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A CEREMONY was held yesterday as the structure of Basildon town centre’s new college campus was completed.
A ‘topping out ceremony’ was held atop the building, on the old Basildon Market site, ‘marking the completion of the outer shell of the building’.
The controversial three-storey college campus will offer courses in IT, networking, software development, computer games design and animation.
Planning permission for the campus was first granted in 2013, but the Yellow Advertiser exclusively revealed in 2017 that South Essex College was looking to downsize the building.
In 2018, a renewed planning application showed the proposed campus had shrunk to less than 40 per cent of its original planned size.
The floor size had shrunk from 8,050 square metres to 3,212 – and the planned number of staff had dropped from 150 to 58.
The revised plans provoked anger from some campaigners and councillors, as the creation of the college campus had been cited in 2013 as the most important reason for approving a luxury housing development off of Nethermayne and Dry Street, which eradicated a designated Local Wildlife Site the size of 12 football pitches.
The college relocation was a key component in a development chain which facilitated the luxury housing estate.
South Essex College’s existing campus, in Nethermayne, was promised to developer Redrow Homes, to be included in the luxury housing development, which includes five-bedroom mansions priced at more than £660,000.
A statement about this week’s ‘topping out ceremony’, issued on behalf of the council’s current administration – which includes several Labour and former UKIP councillors who fought against the Dry Street development – described the more than 700 homes as ‘much-needed, high-quality family housing’.
In order to facilitate the housing estate, plans were hatched to move the college to the town centre, which in turn displaced Basildon Market.
Tory councillors who approved the Dry Street development over huge local protest in 2013 claimed that the new college campus would attract large numbers of students to the town centre, resulting in a significant cash injection into the local economy.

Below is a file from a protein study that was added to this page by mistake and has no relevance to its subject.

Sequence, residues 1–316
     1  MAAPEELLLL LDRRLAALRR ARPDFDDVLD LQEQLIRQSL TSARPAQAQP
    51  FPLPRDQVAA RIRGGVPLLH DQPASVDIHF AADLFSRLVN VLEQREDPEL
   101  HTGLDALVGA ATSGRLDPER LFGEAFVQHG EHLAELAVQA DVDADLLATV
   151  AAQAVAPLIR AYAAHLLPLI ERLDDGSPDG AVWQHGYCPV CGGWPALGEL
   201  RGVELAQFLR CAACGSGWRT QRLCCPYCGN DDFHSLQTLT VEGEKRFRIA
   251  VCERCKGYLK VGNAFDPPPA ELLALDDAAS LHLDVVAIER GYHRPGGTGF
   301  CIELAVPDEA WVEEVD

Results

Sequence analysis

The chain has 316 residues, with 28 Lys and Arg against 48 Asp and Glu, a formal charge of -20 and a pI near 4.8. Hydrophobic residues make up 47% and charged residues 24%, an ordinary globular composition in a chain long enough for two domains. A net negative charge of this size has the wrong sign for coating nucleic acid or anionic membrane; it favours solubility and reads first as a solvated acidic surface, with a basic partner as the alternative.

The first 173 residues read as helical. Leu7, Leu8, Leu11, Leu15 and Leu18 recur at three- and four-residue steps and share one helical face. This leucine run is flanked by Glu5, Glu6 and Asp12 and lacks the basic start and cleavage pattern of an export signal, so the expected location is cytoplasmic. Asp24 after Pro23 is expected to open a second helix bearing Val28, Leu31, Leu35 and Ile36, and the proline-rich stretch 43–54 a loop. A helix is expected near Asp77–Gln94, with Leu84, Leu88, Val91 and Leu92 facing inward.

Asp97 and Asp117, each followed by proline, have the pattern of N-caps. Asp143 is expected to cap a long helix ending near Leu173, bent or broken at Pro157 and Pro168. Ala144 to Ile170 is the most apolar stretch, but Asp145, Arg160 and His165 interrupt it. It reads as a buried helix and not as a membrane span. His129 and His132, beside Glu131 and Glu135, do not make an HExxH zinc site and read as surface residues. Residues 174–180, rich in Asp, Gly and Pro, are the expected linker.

The same justification was given in 2016, by Basildon and Essex councillors, when £1.75million of taxpayers’ money was used to bail out the relocation of Basildon Market – which had originally been promised at ‘zero cost to the public purse’.
But whereas the 2013 planning application had suggested the campus would have a capacity of 1,520 students, the revised 2018 plan had a ‘maximum design capacity of 630 users’.
Former Tory council leader Phil Turner said he was ‘very disappointed’ by the change as ‘the footfall is obviously going to be substantially less’.
Campaigners against the Dry Street development – whose leaders included a former staff member at the Nethermayne campus – said in 2013 that they did not believe the college needed a campus of the size that had been proposed, and that they believed it would be significantly downsized or scrapped altogether after the luxury houses were underway.
When the revised plans were published in 2018, former Tory councillor Danny Lovey – one of the leading campaigners against the Dry Street development – said: “The people of Basildon have been let down. This isn’t what they were promised.”
Although planning permission was granted for the shrunken facility in 2018, councillors on the Planning Committee expressed concern at the revised design.
In a statement issued after yesterday’s topping out ceremony, South Essex College principal Angela O’Donoghue said: “We’re very excited that our vision to bring high quality education and training back to the heart of Basildon town centre is almost complete.”
Labour council leader Gavin Callaghan added: “Today is an important milestone in the journey of Basildon town centre’s transformation and one that will bring an important contribution to the skills and training offer available to our young people.
“We want as many partners like South Essex College as possible – organisations that are willing to invest and help build a modern, ambitious town that can thrive into the future.”